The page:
Law enforcement and fire prevention officers across the Mother Lode are reminding the public about the varying rules and regulations governing the use of fireworks.
While legal in some parts of Calaveras County, fireworks are outlawed throughout Tuolumne County and the Stanislaus National Forest.
Tuolumne County Sheriff’s Sgt. Jeff Wilson said it’s not only illegal to set off the fireworks, but the mere possession of any type of firework is outlawed as well.
A violation of the county ordinance against fireworks is a misdemeanor, which can be punishable by a fine and up to a year in jail.
“It’s an extreme fire hazard and homes could be lost in fires that get started,” Wilson said. “We want everyone to be safe, have a good time and not have disasters like that occur.”
Wilson said the Sheriff’s Office issues the most citations for possessing or setting off fireworks on or around July 4 and New Year’s Eve.
“When we get called out on something like that we’ll confiscate all of the fireworks and cite the owner,” he said.
Wilson said it is no surprise for deputies to come across fireworks when they’re legally sold in both Oakdale and parts of Calaveras County.
The U.S. Forest Service issued a statement on Wednesday reminding the public that it’s illegal to use or possess any fireworks or pyrotechnic devices in the Stanislaus National Forest.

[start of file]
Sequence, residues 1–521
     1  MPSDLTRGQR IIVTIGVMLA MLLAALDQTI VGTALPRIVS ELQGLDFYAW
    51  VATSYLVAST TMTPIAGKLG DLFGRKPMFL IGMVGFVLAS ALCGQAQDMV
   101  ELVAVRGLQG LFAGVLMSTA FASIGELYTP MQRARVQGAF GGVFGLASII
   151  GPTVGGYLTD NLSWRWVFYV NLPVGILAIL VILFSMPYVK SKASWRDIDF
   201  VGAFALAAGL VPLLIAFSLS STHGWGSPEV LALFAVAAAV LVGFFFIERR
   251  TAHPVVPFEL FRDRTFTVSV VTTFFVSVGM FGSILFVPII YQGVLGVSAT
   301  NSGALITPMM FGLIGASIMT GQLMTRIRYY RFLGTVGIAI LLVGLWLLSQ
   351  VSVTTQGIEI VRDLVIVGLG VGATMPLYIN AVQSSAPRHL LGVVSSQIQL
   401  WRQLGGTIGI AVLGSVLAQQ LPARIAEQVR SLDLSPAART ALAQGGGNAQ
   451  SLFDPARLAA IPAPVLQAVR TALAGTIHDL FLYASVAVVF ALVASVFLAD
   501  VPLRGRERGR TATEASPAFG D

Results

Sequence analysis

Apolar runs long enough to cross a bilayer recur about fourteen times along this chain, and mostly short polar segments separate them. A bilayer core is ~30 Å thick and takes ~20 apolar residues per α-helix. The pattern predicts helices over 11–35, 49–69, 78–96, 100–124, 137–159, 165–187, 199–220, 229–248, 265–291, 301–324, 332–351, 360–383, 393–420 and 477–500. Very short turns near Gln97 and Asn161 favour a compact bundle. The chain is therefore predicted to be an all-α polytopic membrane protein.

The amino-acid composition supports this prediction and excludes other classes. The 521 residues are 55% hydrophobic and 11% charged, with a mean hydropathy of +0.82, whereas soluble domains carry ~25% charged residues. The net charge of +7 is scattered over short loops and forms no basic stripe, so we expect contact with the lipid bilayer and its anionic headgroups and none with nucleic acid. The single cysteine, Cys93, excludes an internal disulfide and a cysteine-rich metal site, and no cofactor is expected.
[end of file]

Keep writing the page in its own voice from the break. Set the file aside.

“It’s a much drier start to the season than we had in the past and it’s appropriate for us to remind people to leave those fireworks at home or go to a place where it’s legal to use them,” said Forest Service spokesman Jerry Snyder.
He said rangers will be on the lookout, but it’s rare for people to bring fireworks to the forest.
Cal Fire prevention officers will patrol both Tuolumne and Calaveras counties on July 4 watching out for people violating fireworks regulations in their respective counties, said Cal Fire spokeswoman Lisa Williams.
“They are on a heightened alert,” she said.
Residents can go to any Cal Fire station to dispose of unused fireworks or make sure ones they have purchased are legal, according to Williams.
Any fireworks that become airborne are prohibited in Calaveras County, said Fire Prevention Specialist Nancy Longmore.
Longmore said fireworks that are legal will feature a “safe and sane” label on the package. She added that parts of the county, including the Ebbetts Pass and Central fire districts, have outlawed all fireworks.
Despite the legal status in certain areas, Cal Fire still encourages residents to attend a public fireworks show rather than light them off at home. There are annual Independence Day fireworks shows at both Ironstone Vineyards and Lake Don Pedro.
Longmore advised residents planning to set off legal fireworks to do so in a cleared area where there is no grass, leaves or other vegetation that can catch on fire and to have a bucket of water or charged hose nearby.